Guerrilla filmmaker James O’Keefe has prompted investigations into political operatives he caught on camera advising non-citizens they could vote. The North Carolina Board of Elections is looking into whether they broke state law.
Meanwhile, Greg Amick, the campaign manager for the Democratic candidate for sheriff in Charlotte, N.C., has left his position. Amick told an O’Keefe investigator that her non-citizen status was no problem: “As long as you’re registered to vote, you’ll be fine.”
Despite Amick being caught red-handed, the spokesman for sheriff candidate Irwin Carmichael tried to downplay the incident. “It is unfortunate that a social media virus has added noise and sometimes confusion to an election in our community,” Rob Brisley said in a statement.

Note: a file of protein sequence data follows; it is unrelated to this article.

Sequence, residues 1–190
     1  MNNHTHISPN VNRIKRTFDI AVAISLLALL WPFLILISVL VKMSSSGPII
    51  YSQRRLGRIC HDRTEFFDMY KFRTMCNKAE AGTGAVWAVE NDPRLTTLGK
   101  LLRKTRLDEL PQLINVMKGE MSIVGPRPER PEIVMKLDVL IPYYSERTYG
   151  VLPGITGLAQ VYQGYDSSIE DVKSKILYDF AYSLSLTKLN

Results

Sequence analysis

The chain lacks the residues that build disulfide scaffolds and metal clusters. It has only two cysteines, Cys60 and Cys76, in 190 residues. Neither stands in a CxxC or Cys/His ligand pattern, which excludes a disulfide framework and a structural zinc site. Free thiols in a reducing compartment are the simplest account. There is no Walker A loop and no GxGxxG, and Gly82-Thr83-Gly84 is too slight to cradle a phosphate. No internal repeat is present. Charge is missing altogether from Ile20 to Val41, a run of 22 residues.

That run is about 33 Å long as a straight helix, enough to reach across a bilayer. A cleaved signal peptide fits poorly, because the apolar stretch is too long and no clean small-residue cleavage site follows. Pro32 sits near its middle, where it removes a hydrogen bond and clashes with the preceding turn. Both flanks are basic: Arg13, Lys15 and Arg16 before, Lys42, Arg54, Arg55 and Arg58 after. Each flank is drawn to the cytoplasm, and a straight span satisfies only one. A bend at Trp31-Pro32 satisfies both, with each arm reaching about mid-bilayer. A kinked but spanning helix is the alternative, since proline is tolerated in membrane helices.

Brisley’s description of attempts to encourage voters to cast ballots as a “social media virus” has given new meaning to the concept of political spin.
One of the action items for state legislatures around the country next year should be to follow the example of Kansas and Arizona, both of which have put in requirements that people registering to vote provide evidence that they are U.S. citizens.